Major League Baseball salaries are a complicated beast, and there are ample clauses embedded within the salary scale that make estimating how much players will earn while under team control difficult, to say the least. Possibly the single most hard-to-pinpoint aspect is the Super Two cutoff/designation, the clause that states that the top 22% of MLB players who have between two and three years of service time can be eligible to opt-in to arbitration four times, not just three times.
(For instance, Zack Cozart wasn't a Super Two because the Reds delayed calling him up in 2011, meaning he had the usual three years of team control before being arbitration eligible - all making roughly the league minimum - before seeing significant raises in each of 2015 and 2016. The 2017 season - his sixth and final year of team control with the Reds - will feature another raise in his final arbitration year before he reaches free agency.)
The one player the Cincinnati Reds may well have been nervous about in regards to Super Two status was one that didn't even creep onto their radar until late in the Spring: pitcher Dan Straily, who the team claimed off waivers from the San Diego Padres just prior to the start of the 2016 season. Straily began 2016 with 1 year and 126 days of service time to his name, and after spending the entire season with the big league Reds sits with 2 years and 126 days of service time on his ledger. That was enough for MLB Trade Rumors to initially estimate that he'd be a part of the 22% of big leaguers to qualify for Super Two status prior to the 2017 season, meaning he and his agent would be able to leverage his breakout 4.3 bWAR campaign against the Reds' front office in an effort to land a significant raise from the roughly $512,000 he made in 2016.
How big of a raise? Well, MLBTR initially estimated he'd make some $3.9 million as an arb-eligible player for the 2017 season, guessing that his 2.126 years of service time would just cross their conservative, arbitrary threshold of 2.125 years needed to qualify. However, after sifting through piles of more precise data, their own Tim Dierkes landed on a much more vetted estimate that between 2.127 and 2.131 years of service time would be needed to qualify as a Super Two, which would mean Straily would miss the cut by the most narrow of margins possible: just a single day.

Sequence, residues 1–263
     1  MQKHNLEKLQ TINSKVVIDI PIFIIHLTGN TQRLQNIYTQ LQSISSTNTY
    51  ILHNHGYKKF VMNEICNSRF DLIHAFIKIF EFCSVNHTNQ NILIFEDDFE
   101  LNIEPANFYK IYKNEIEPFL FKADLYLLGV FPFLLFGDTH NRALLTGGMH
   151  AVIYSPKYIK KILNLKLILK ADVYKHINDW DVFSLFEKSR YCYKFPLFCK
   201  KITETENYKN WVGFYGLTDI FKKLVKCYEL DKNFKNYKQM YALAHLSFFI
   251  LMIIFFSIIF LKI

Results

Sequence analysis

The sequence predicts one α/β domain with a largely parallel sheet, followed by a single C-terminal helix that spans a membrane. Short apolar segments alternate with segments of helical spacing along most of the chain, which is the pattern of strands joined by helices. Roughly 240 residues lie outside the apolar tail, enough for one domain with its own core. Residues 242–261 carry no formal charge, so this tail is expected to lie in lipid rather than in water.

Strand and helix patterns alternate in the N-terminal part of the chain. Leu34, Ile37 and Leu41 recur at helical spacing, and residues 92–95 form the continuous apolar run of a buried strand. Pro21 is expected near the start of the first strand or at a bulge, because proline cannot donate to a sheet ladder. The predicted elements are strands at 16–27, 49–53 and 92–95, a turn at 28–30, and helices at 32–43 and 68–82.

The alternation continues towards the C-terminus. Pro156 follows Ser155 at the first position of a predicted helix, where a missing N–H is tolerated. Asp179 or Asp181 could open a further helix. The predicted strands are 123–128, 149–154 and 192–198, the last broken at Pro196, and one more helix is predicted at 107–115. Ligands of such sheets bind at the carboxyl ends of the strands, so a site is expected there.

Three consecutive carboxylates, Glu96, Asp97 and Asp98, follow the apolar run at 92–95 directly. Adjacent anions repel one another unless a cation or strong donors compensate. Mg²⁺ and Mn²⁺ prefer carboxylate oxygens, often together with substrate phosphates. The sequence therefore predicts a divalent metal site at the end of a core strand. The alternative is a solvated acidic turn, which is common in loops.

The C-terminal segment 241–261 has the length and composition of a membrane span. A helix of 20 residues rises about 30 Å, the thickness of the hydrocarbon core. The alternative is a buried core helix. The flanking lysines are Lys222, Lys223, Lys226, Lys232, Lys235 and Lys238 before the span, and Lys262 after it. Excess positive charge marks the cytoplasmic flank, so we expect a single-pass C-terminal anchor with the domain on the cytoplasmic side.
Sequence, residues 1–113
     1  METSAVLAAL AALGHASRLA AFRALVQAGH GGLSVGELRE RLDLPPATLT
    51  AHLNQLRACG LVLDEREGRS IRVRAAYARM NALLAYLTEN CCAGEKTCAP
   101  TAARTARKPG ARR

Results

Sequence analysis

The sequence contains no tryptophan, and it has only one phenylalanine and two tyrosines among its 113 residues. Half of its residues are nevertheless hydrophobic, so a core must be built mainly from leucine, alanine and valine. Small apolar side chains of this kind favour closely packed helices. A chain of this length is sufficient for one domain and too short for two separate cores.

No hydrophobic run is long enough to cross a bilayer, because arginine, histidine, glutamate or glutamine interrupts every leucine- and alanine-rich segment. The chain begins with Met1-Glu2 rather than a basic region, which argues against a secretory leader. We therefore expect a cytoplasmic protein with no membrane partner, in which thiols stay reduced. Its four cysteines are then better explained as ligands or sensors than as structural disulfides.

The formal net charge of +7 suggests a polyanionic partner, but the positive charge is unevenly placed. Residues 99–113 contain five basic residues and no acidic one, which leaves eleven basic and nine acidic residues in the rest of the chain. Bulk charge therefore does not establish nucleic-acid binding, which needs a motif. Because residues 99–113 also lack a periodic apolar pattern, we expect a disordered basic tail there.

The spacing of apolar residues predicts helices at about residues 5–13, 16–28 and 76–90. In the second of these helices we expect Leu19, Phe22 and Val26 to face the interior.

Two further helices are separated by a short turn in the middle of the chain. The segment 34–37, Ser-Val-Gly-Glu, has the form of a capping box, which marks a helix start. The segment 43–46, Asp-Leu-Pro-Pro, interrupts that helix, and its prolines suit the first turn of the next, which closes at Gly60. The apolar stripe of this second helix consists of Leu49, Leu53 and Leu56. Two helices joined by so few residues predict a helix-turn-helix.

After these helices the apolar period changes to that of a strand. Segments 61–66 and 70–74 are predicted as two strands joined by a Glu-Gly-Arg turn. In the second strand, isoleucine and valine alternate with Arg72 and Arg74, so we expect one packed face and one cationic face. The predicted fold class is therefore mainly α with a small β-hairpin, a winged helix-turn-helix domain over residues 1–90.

How big of an impact will that have on the Reds? It's easy to say that the projected payroll for 2017 will contain significantly more wiggle room than the record-breaking numbers from the 2013 and 2014 seasons, thanks to the purge and rebuild and whatnot. Still, if Straily isn't eligible for arbitration, he'll make something very close to the $512,000 he made this year - a far cry from the $3.9 million estimate should he actually make the cut. That's an easy $3.4 million on the front end, but considering arbitration year salaries are benchmarked on previous year earnings, there's a snowball effect that won't be able to build for another season, which means that many more potential millions will be saved should Straily's production continue to warrant being tendered a contract.
That's a large potential windfall, especially considering the team hadn't even had to think about paying him at all until 7 months ago. It's a full-season salary for Skip Schumaker or Burke Badenhop, if you're into vomit-inducing comparisons. Of course, from Straily's perspective, it takes away what could be a life-altering amount of money just months after being on the proverbial scrap-heap, which makes humainzes the fickle nature in quite a large way.
We'll continue to track how this plays out, since it's clear whichever way the decision turns will have more than just a passing impact on the bottom line.